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The Liberal Order and its Contestations. A Conceptual Framework


The notion that we are experiencing a change in times whereby an old ‘order’ of the world is giving way to a new era has been gaining legitimacy in international debates among experts, policymakers and practitioners. Such debates are as animated as they are inconclusive in their outcomes. The contours of the upcoming era remain vague, its structure and contents undefined, its direction uncertain. Grim predictions of renewed great power competition as we have not seen since the end of the Cold War or even World War II or of an increasingly fragmented and ungovernable world abound. They co-exist though with less disheartening expectations of future global re-alignments eventually providing order. In the face of such divergent opinions, imagining the future at times looks like an act of divination.
Whereas opinions differ as to what the world of tomorrow will be, greater consensus exists as to what it will not be. Two assumptions, in particular, seem relatively uncontroversial: it will be post-, or less liberal, and it will be post, or less American. It is no coincidence that experts have singled out these two features, often in connection with one another. Liberal discourse and American power have, after all, profoundly shaped the world that is ostensibly waning. International Relations theorists have in fact long recognised the combination of these two factors as systemic in nature, capable in other words of producing and defining a distinctive historical order: the liberal international order.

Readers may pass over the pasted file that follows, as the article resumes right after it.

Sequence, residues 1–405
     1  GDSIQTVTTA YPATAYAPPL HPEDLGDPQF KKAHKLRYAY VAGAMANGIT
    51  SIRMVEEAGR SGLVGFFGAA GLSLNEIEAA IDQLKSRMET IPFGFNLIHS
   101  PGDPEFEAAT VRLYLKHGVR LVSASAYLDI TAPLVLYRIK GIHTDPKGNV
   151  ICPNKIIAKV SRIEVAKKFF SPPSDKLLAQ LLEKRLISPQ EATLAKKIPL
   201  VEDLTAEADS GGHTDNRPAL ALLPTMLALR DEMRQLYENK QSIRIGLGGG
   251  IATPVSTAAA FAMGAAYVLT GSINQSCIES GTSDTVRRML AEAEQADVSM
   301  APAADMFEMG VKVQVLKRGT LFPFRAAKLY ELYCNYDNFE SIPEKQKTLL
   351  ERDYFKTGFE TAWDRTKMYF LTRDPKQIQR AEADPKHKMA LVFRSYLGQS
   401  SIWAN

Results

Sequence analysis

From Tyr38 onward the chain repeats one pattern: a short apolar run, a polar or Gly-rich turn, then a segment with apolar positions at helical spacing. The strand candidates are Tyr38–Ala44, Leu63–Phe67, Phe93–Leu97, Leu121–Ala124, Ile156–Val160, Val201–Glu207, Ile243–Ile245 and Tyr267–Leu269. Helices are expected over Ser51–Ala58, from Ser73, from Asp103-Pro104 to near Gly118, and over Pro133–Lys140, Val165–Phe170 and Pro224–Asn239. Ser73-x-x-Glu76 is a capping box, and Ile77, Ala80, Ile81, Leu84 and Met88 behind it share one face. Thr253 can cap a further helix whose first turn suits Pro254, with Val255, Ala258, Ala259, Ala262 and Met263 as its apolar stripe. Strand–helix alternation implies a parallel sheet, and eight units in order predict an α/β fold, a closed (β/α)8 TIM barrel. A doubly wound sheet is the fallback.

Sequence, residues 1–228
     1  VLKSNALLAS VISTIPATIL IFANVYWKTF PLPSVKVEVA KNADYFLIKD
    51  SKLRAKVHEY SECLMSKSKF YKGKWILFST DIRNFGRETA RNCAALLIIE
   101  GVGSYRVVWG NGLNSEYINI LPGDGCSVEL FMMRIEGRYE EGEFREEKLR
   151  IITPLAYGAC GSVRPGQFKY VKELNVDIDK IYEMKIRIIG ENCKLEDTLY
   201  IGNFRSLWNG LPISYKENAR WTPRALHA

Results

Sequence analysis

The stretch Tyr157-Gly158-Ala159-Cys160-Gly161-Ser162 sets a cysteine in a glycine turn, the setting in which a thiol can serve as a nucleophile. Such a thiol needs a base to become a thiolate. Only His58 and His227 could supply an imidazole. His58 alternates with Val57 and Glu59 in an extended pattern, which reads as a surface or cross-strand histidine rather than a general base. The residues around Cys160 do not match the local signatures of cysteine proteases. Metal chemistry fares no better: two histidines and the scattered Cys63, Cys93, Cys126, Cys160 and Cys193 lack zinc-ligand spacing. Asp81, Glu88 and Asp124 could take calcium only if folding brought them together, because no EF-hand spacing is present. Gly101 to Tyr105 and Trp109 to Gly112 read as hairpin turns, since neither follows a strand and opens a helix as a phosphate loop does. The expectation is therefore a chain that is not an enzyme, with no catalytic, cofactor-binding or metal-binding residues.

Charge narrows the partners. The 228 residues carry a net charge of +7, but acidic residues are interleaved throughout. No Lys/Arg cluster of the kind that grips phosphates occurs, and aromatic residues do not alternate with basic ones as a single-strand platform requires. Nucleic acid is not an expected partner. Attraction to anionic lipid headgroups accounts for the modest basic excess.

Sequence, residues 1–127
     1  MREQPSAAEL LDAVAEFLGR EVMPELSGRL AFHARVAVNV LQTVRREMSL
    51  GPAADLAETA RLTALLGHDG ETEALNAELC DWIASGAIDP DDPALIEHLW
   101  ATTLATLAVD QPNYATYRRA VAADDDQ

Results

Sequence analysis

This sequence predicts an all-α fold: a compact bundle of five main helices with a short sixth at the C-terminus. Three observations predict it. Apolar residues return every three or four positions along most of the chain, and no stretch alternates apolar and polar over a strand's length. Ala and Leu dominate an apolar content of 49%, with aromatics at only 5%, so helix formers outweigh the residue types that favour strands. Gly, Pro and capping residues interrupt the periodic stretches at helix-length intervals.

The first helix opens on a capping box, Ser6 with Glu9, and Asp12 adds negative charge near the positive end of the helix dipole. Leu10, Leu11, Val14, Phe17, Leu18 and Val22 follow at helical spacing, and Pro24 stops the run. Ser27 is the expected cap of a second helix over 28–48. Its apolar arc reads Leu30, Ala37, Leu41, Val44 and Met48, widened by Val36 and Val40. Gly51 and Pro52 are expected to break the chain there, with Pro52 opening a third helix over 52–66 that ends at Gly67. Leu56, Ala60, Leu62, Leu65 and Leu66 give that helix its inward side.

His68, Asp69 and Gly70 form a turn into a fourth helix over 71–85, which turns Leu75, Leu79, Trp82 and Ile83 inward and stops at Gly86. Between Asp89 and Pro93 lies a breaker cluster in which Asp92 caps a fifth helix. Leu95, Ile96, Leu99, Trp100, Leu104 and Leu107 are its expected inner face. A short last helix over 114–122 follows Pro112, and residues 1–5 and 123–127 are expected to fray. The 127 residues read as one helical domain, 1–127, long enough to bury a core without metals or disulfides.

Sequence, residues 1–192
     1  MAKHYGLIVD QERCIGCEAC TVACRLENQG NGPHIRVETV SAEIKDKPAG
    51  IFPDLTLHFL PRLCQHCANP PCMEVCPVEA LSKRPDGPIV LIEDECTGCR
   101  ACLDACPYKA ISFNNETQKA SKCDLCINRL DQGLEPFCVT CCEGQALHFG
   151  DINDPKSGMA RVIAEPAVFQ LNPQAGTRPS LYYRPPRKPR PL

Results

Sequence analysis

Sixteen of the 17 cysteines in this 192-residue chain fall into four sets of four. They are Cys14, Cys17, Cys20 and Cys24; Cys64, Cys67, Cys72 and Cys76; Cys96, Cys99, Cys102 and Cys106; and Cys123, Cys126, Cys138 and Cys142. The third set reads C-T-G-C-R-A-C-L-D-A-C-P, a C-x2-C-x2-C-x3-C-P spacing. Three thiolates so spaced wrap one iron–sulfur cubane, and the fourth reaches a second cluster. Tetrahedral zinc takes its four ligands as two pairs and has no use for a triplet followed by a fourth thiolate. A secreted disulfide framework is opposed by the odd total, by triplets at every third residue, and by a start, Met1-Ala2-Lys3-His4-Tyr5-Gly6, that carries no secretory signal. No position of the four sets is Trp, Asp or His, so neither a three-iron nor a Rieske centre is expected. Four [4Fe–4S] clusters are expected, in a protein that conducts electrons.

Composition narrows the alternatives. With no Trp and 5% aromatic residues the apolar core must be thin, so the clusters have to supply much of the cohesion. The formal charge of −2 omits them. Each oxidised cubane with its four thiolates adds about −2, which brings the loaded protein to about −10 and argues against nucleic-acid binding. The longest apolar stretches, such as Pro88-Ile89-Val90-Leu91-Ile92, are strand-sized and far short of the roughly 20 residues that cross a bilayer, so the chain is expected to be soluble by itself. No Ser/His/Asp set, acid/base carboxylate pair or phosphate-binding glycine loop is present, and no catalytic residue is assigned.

Contestation, both on an ideological level and in geopolitical terms, has been a constant of the liberal international order since its inception – usually set at 1945, the year of the crushing defeat of the Axis powers by the Allies-Soviet coalition and the creation of the United Nations. As long as communism had appeal, particularly during decolonisation, liberalism was hardly the dominant ideological framework for many countries. As for geopolitics, the Soviet Union was a formidable opponent severely limiting US power for over forty years. Academics, experts and practitioners are aware of this, as they know that the liberal order has come out on top of the many challenges it faced in the past. Yet, a pervading sense that the liberal order is waning persists, as if the challenges the order is confronted with today are of a different and ultimately more damaging nature.
This Special Issue of The International Spectator identifies and dissects this new set of challenges. It looks at the internal fissures and examines the external pressure points that are making the liberal order edifice reel, with a view to providing some more conclusive arguments about what we may expect in the future.